Calling all closet poets: York City wants you to submit your work for the second annual "Jawstruck!" competition on Friday, June 7.

Even if you don't know the difference between a foot and a meter, the city wants to hear your voice, said Carla Christopher, York's poet laureate and host of the free event.

"Our favorite people to get up on stage are the closet poets and beginners," she said.

Last year, most of the performers were amateurs, and about 40 entries were submitted. Christopher, who is in her third year as poet laureate, hopes more people send in their work this time around.

About 80 people attended the first annual event last year, she said.

'A sensory experience': Christopher said she wanted to set up an event that would appeal to the entire community - something that would be hip but still accessible to those outside of the artsy crowd.

"What I wanted to do was something that would be a cool, fun poetry event for people who aren't poetry fans," she said.

She said the city's government, commerce and art community are supporting each other and coming together to appreciate the arts.

"All three groups are working together to make a cultural destination of our city," she said. "It's worth coming downtown; it's worth coming out."

In addition to the entrants' performances, the judges, spotlight guests and Christopher herself will read their work.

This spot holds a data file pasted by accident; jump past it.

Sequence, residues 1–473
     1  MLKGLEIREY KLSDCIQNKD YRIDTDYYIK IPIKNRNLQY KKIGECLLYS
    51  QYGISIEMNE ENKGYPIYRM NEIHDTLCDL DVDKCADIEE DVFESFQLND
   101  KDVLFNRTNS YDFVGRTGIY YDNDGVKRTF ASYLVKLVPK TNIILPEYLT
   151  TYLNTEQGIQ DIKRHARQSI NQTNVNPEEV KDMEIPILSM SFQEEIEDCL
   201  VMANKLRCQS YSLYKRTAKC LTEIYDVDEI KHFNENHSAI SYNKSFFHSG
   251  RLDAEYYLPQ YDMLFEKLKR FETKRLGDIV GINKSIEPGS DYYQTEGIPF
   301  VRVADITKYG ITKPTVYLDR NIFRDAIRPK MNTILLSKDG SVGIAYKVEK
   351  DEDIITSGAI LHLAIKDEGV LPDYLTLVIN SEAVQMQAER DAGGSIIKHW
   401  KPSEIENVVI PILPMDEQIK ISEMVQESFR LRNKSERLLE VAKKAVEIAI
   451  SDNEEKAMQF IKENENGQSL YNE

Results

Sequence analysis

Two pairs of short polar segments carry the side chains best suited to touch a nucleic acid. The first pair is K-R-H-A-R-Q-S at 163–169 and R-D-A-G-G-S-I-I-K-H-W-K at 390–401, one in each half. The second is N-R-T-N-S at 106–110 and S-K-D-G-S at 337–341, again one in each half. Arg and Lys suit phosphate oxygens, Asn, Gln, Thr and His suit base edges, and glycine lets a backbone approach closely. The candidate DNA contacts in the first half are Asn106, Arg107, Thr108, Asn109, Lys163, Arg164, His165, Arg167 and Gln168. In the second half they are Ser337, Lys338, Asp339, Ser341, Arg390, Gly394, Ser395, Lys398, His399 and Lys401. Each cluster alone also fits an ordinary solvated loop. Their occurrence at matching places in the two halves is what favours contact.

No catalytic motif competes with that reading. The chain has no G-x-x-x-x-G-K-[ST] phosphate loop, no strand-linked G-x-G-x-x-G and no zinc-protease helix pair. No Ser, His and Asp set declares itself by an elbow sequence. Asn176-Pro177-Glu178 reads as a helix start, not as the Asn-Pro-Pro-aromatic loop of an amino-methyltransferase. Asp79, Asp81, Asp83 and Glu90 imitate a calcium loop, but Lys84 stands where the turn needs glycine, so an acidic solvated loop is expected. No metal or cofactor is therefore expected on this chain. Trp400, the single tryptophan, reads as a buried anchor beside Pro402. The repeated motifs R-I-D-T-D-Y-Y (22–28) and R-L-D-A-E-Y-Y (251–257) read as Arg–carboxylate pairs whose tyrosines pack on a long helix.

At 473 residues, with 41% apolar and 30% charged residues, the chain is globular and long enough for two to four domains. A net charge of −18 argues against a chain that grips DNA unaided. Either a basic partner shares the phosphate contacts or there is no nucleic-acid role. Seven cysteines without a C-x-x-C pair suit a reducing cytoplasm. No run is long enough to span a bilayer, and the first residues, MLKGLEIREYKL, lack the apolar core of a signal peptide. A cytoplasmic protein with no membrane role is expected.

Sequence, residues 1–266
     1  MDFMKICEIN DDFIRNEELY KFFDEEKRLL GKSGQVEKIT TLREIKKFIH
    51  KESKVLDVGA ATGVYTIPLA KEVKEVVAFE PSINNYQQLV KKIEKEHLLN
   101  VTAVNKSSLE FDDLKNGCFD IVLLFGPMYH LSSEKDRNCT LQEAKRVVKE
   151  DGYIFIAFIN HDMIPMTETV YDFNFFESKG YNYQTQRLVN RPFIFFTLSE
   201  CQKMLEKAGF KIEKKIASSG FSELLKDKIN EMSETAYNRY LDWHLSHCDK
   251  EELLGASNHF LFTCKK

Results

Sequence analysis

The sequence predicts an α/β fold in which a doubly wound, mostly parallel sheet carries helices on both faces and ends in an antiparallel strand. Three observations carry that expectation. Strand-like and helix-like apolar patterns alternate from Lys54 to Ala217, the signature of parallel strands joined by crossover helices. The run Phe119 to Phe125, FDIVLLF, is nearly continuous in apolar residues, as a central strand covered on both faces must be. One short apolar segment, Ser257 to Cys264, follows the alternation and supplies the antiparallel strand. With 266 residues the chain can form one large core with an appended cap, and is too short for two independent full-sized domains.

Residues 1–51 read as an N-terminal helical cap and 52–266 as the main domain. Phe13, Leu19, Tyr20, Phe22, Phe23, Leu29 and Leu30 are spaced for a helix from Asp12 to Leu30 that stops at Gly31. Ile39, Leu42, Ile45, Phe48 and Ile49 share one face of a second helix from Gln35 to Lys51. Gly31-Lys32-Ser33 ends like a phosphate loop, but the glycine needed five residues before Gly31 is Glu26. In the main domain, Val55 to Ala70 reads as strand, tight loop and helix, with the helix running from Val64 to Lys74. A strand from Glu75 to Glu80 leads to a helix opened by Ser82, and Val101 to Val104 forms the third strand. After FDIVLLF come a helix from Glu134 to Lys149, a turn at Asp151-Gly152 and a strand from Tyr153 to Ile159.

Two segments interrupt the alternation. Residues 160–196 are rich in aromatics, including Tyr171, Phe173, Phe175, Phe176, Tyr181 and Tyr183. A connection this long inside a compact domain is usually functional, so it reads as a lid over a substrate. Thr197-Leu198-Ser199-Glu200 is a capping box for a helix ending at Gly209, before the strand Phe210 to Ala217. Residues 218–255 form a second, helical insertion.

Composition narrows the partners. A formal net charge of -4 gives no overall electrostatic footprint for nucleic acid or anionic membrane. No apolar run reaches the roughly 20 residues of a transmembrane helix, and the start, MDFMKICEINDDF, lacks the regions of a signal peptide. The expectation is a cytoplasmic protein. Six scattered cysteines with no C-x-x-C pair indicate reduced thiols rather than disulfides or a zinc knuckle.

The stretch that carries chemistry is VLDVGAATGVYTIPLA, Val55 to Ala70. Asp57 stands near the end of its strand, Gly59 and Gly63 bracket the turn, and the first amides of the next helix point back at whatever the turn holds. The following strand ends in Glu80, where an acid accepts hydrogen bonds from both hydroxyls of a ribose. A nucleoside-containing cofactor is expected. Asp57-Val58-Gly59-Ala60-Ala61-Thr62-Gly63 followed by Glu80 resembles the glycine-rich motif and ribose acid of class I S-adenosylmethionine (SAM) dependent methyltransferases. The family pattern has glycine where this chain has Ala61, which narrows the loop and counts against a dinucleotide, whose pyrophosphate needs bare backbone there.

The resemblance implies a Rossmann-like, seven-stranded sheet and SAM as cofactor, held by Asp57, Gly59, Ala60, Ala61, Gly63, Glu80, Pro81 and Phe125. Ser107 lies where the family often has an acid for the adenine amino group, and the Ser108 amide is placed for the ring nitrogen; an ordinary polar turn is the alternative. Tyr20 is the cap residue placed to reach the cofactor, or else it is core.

The competition's title comes from a play on words, she said. As it is "a sensory experience," Christopher said attendees will be awestruck, and the performances will "knock you off your feet."

"Your jaw's going to be hanging slack-open," she said.

The competition: The event, which will run from 7 to 9:30 p.m., will be hosted by The York Emporium, a used book and curiosity shop, at 343 W. Market St. Light refreshments will be provided.

Judges are accepting submissions for both the youth competition, ages 12-17, and the adult competition for artists 18 and older until May 15.

They're looking for engaging, thoughtful submissions that touch the average person, Christopher said.

"Basically, what we're looking for is something that when it's performed, the audience is going to have a response to it," she said. "It's poetry that makes you want to talk back to the poet."

Most poems will be free verse, and poets will be judged on creativity and originality, performance and technical skill.

The top five entrants from each category will be selected to perform two pieces for final judging during June's First Friday celebration. The judges, representing Baltimore, Harrisburg, Lancaster and York, will rate the performances and announce the winners that night.

Winners and runners-up will receive a prize package that will include books and gift certificates.

To enter the competition, send a sample poem, YouTube video or webclip to by May 15. Be sure to enclose your name, your performance name if you have one and your category (either youth or adult). Judges will contact the top five poets by May 20.

To enter, poets must be available to perform at the June 7 show. Poems do not have to be memorized but must not be derogatory, violent or contain harsh curse words. Christopher said the winning poems will all have positive, affirming messages that are accessible and relevant to everyone.

- Reach Mollie Durkin at